How Many Calories Should I Eat a Day?

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How Many Calories Should I Eat a Day?

Today almost any person has some concerns about how they look, and the better part of those concerns goes for their body shape. If you truly care about your physical form and are ready to work for it, you should approach your ration and eating habits seriously. It’s not hard to do it right; it just requires certain knowledge and effort. To start with, you should understand the basic principle of weight loss – you lose weight when you eat a bit less than you need. It’s all built around your calorie intake. So, here are the answers to a few questions you may have about it.

How Many Calories Should I Eat a Day?

There’s no simple answer to this simple question. The number of daily calories to be consumed depends on various factors, starting with a person’s gender, age, and the most frequently undertaken type of activity. By the way, genetics may play a crucial role there as well.

Generally, male adults who aren’t really into an active lifestyle should consume no less than 2000 calories, while the recommended consumption for those who lead an active lifestyle can be up to 3000 calories. Adult women, being typically less in weight, require fewer calories than men, e.g., the ones with a sedentary life should consume at least 1600 calories while the more active ones may need up to 2400 calories.

How Many Calories Should I Eat Not to Die?

It’s a funny question, but it’s something you should really know. Many people, women, in particular, get way too obsessed with their diet and sincerely believe they will get thinner if they eat less. It is not true, though. There is a certain minimum your organism should receive a day in order to function properly. And the name for this minimum is the basal metabolic rate. This term identifies the number of daily calories you personally require to literally not die – that is, to support and regulate all the vital processes in your organism.

Your actual calorie need is not equal to your basal metabolic rate. In percentage, that would be 100% and approximately 70% respectively.

How Many Calories Should I Eat a Day to Lose Weight?

Now as you know the daily caloric expenditure of your body and the caloric intake you need just to survive, you can calculate the number of calories you should eat a day to get slimmer. Take that 100% number and subtract 500 calories from it – that would be the approximate daily calorie consumption, which will allow you to lose weight. But make sure you stay within the limits of that 70% number. Don’t eat less than your basal metabolic rate shows you need.

Once you reach the weight you’ve been aiming at, don’t hurry to quit your diet. If you want to maintain that weight, you need to recollect your actual calorie need (that 100% number) again and stick to this consumption +/- 200 calories a day.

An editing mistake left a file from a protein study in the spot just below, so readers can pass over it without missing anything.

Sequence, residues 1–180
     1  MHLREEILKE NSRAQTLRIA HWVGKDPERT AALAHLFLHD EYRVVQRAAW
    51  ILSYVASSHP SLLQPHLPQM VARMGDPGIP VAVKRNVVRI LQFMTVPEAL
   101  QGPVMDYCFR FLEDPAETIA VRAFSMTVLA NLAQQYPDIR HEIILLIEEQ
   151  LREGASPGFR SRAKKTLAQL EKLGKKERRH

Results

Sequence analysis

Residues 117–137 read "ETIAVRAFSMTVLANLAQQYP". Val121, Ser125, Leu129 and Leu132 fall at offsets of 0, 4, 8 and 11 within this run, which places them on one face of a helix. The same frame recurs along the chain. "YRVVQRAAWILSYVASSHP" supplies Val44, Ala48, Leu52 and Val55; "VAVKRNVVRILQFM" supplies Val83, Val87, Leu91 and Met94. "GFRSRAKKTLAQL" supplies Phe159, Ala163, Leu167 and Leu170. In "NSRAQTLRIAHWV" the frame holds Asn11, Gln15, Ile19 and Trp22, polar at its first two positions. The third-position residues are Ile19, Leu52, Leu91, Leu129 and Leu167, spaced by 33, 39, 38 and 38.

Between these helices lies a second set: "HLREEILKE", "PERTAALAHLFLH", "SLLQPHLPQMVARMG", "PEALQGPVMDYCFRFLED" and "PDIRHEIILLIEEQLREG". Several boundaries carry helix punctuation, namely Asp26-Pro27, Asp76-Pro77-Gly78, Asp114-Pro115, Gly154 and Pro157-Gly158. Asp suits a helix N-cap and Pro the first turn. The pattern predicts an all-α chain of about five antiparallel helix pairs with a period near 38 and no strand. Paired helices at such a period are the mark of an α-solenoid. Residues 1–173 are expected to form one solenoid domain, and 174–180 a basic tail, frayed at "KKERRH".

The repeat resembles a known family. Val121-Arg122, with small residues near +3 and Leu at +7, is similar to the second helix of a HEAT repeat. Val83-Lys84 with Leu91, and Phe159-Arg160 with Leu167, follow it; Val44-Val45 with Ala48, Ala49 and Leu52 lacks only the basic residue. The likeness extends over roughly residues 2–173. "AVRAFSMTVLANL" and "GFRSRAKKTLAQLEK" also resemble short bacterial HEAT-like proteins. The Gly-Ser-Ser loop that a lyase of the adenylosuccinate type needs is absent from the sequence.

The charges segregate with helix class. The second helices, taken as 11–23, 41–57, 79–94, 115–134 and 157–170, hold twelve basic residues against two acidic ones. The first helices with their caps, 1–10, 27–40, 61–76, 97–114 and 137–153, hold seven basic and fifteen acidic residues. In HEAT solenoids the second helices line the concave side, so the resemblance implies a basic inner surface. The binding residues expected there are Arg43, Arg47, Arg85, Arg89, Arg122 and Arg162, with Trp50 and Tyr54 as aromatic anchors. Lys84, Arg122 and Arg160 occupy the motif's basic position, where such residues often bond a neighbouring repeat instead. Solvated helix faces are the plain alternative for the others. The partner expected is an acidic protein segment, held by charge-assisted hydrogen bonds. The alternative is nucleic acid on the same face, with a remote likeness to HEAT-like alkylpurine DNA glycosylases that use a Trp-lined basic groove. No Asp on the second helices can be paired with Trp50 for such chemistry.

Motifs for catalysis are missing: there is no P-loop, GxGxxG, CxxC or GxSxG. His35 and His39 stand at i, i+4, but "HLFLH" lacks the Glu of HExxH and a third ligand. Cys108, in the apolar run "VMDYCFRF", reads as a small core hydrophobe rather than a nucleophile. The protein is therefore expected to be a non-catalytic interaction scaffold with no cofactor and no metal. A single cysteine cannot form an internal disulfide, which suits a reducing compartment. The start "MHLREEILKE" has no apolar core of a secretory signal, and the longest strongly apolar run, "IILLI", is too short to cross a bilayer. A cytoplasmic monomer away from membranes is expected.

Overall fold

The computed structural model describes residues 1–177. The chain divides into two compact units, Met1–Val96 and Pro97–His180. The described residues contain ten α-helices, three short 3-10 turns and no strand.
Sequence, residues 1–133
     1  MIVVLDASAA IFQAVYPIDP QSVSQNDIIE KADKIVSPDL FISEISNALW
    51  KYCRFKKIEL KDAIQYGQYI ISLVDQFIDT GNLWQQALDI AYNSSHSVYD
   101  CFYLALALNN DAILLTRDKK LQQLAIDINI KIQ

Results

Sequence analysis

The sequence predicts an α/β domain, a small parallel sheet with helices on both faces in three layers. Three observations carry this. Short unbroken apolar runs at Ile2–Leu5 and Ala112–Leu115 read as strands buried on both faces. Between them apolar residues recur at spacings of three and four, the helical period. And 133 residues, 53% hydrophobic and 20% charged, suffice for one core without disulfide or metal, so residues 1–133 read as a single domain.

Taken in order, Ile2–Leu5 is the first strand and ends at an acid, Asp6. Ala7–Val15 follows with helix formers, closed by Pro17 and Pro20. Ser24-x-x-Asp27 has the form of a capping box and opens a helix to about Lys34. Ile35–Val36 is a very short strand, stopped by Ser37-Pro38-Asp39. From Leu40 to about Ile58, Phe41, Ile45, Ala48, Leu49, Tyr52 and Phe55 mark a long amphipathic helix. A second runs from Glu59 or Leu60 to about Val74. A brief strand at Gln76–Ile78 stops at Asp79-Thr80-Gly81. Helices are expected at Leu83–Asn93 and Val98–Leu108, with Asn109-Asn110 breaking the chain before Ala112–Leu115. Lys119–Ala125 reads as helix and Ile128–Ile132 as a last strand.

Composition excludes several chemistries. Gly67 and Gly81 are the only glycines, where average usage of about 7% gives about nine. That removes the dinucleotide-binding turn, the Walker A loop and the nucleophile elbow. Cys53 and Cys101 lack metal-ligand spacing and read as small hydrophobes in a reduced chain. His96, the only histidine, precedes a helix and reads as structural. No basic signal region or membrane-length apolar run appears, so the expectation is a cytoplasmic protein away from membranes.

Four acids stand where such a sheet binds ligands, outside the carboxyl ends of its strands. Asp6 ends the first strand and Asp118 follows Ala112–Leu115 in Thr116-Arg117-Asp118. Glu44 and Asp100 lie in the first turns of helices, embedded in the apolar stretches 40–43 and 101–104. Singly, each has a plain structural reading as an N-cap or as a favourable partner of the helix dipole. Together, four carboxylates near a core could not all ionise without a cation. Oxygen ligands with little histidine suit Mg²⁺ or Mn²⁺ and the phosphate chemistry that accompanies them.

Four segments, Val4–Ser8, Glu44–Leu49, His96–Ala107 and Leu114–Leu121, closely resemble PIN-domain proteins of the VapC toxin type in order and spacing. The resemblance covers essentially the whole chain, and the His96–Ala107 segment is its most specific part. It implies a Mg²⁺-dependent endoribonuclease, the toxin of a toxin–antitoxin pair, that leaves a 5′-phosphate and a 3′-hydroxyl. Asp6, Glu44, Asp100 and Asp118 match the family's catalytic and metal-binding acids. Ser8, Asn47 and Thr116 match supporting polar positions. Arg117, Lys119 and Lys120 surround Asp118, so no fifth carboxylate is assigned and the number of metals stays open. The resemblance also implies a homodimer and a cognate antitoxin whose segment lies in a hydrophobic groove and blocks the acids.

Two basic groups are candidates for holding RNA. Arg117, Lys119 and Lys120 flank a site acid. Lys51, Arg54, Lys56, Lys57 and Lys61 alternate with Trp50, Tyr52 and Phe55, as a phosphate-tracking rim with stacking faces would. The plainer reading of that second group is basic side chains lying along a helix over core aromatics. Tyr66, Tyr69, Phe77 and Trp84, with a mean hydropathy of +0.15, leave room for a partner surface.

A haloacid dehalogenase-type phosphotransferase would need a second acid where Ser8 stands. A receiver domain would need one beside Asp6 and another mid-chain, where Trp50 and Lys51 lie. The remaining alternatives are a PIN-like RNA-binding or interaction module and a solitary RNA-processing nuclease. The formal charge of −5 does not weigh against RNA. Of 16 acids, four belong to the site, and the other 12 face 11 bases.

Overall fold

How Many Calories Should I Eat a Day?

Final Things to Keep in Mind

Remember the basic weight loss principle? There are certain recommendations related to it, which you should be familiar with:

  • Before you start your activities targeted at weight loss, you’d better calculate how much you actually should weigh. You can do that with the help of different formulas based on your height or waist circumference.
  • You won’t lose weight by dieting alone. You should start doing some physical activity to burn calories. It’s not just that exercising is good. There’s a more solid reason behind that – when you eat less, you risk getting your metabolism slowed down. Staying physically active helps you maintain the tempo of metabolic processes on a necessary level. Combine cardio and strength exercises to keep a balance between the rate of your metabolism and the number of calories burnt.
  • If you’re a woman and your height is less than 5 feet, eating less than the recommended 1600 calories a day is dangerous because it may lead to serious deficiencies.
  • When on a low-calorie diet, you still should watch the consumption of other vital nutrients. Learn the daily intakes of vitamins and minerals so that you could see when you don’t get enough of them. In case you’re not sure if you get enough, consider taking dietary supplements. Yet, don’t go crazy over supplements – they can’t substitute food (at least in this century).
  • All changes in a diet cause changes in the way you feel. That’s okay. Yet, if you start getting unusual headaches, dizziness, weakness, mood swings, visiting a doctor is a good idea.
  • Eat 4 or 5 times a day and don’t try to trick your body by skipping a meal. You will only make it worse.

So, with all these tips in mind, you are now well-informed about the peculiarities of dieting based on counting calories. In fact, there must always be a balance between exercising and dieting. But you should definitely give this low-calorie dieting thing a try, at least to see if it’s your thing or not.

References:

  • Putnam, Judy, Jane Allshouse, and L. Scott Kantor. “US per capita food supply trends: more calories, refined carbohydrates, and fats.” Food Review 25.3 (2002): 2-15.
  • Perry, Cheryl L., et al. “Changing fruit and vegetable consumption among children: the 5-a-Day Power Plus program in St. Paul, Minnesota.” American Journal of Public Health 88.4 (1998): 603-609.
  • Woods, Stephen C., et al. “Consumption of a high-fat diet alters the homeostatic regulation of energy balance.” Physiology & behavior83.4 (2004): 573-578.

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